Ever wondered why a certain rule doesn't get run? Ever got confused (or disgusted) by udev rules format?
Well, despite all the udev clutter, there are many useful tools in the udev package, which help to understand udev's behavior and decision making. I'm still far from knowing all the tricks, but here are some things that I've learned recently:
Note: the udev tools got changed several times during the last 5 years. I'll cover here the latest version (149), and the older, RHEL/CENTOS5 version.
1. udevadm info: get all info available to udev about a certain device (or all devices):
# udevadm info -e (RHEL5: udevinfo -e)
Try it.. amazing, eh? You can use each detail to write udev rules to match these devices.
Update: Note! The issue was fixed in CentOS/RHEL 5.2 !
glibc 2.7 introduces a new flag to open() syscall, called O_CLOEXEC.
The official redhat 2.6.18 kernel (even of version 5.1) doesn't support it, and returns errors (in strace it looks like open() returns unknown error 530).
So.. just try not to use glibc 2.7 on RedHat, until they support it. If you want an adventure, this kernel seems to do the job..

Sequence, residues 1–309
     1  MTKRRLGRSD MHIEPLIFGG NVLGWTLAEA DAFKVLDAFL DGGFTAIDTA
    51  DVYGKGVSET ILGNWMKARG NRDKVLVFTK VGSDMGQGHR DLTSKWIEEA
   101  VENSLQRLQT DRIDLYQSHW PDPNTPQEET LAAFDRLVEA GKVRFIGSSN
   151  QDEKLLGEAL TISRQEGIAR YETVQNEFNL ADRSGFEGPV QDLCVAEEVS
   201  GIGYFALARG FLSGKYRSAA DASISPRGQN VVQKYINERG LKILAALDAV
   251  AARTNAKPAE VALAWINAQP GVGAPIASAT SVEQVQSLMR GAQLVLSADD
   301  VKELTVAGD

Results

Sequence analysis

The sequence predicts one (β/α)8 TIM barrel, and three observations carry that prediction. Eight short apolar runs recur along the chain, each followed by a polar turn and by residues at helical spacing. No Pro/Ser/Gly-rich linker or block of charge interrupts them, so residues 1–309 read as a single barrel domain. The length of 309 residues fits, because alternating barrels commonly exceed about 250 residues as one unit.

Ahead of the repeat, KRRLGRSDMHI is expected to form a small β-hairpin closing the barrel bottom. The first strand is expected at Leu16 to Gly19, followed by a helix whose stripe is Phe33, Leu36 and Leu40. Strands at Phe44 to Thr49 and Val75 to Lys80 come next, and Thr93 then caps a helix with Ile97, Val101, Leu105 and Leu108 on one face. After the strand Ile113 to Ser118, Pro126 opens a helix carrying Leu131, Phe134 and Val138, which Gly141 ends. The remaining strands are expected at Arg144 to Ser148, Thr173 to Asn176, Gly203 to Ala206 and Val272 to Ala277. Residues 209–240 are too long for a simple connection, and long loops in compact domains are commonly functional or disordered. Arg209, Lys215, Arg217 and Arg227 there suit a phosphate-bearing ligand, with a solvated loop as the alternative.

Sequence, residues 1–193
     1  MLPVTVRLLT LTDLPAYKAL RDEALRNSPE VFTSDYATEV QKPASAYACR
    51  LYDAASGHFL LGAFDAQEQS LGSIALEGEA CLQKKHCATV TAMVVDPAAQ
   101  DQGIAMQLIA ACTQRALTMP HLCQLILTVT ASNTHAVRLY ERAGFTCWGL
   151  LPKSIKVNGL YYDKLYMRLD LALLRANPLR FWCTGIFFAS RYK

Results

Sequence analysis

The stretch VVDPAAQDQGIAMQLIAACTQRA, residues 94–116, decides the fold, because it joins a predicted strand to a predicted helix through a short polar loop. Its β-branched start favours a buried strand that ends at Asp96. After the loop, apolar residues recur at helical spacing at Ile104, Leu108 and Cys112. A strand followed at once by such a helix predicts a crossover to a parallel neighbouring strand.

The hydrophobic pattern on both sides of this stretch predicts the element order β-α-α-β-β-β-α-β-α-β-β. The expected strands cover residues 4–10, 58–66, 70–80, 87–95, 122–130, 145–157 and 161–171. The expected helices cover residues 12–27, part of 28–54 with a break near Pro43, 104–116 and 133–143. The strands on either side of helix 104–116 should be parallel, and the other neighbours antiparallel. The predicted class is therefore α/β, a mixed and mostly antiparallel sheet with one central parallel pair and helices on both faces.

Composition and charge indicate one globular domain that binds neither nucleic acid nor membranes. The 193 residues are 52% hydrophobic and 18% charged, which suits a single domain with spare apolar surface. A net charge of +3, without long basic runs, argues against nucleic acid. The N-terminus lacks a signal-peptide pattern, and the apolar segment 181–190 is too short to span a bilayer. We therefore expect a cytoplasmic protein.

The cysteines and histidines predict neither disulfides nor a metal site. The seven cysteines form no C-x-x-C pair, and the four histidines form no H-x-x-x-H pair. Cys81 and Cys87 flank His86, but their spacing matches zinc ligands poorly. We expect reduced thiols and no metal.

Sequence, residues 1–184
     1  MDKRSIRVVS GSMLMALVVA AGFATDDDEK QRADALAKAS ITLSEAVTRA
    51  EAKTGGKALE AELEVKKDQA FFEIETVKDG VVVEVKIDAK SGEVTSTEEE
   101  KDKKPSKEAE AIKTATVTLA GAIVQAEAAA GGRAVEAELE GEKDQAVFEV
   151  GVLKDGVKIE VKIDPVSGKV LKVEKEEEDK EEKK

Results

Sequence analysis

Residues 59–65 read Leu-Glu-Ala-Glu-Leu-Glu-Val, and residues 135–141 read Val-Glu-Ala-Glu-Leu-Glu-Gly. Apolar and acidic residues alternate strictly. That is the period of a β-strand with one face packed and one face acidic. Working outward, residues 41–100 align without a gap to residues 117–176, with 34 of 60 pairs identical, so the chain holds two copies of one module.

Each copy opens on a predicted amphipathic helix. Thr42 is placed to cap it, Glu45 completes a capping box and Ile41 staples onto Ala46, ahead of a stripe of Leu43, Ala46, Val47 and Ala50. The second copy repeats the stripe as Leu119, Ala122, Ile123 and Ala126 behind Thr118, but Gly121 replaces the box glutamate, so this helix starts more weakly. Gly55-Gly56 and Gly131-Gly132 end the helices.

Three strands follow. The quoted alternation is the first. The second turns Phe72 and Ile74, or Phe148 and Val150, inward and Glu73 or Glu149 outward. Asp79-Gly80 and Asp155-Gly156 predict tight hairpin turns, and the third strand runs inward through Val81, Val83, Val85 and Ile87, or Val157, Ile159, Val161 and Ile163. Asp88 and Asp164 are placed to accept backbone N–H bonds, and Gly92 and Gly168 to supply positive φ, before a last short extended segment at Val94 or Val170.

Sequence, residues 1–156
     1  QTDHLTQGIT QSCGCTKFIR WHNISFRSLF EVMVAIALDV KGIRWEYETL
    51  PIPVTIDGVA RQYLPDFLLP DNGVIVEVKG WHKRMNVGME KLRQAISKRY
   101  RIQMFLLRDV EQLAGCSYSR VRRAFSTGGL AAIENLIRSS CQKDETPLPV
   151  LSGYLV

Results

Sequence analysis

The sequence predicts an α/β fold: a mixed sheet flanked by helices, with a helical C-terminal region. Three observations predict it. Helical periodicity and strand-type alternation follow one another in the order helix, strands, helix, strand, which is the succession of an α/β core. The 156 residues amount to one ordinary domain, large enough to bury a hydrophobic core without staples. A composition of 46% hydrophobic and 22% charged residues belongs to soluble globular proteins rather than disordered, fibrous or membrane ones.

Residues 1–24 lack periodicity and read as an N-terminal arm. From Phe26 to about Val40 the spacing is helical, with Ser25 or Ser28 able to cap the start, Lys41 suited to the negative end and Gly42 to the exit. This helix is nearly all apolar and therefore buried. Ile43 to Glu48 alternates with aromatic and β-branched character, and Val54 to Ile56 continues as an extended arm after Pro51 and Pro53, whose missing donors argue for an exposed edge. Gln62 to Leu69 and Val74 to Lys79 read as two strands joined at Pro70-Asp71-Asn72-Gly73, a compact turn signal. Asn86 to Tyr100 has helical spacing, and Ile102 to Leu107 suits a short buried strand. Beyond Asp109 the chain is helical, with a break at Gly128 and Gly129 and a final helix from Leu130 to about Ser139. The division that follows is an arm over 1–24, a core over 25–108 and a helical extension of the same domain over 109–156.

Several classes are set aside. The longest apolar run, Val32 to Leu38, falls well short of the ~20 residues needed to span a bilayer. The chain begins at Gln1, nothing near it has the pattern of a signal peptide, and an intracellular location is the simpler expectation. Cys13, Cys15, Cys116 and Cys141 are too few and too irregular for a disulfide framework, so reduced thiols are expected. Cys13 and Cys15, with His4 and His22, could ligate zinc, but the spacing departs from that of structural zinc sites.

How did I encounter this uncommon problem, you ask? I'm running Debian unstable VM inside a CentOS5 host (the VM's kernel is actually a CentOS5 kernel). Debian upgraded glibc to 2.7, and later the VM couldn't function (open /etc/passwd gave error 530). Not too smart of me, I guess. But dzickus kernel seems to solve it.
Do you remember DOS games or apps quitting with the reason 'not enough memory'? It rarely happens today, because physical ram is not the limit - physical ram + swap, or virtual memory size is the limit.
So what happens when we're out of virtual memory? Linux doesn't crash. Instead, it looks for the best process(es) to kill. "Best" means: killing the process will free up lots of memory, but will do the least damage possible (i.e. don't kill init, hardware-bound process, or a long-running software).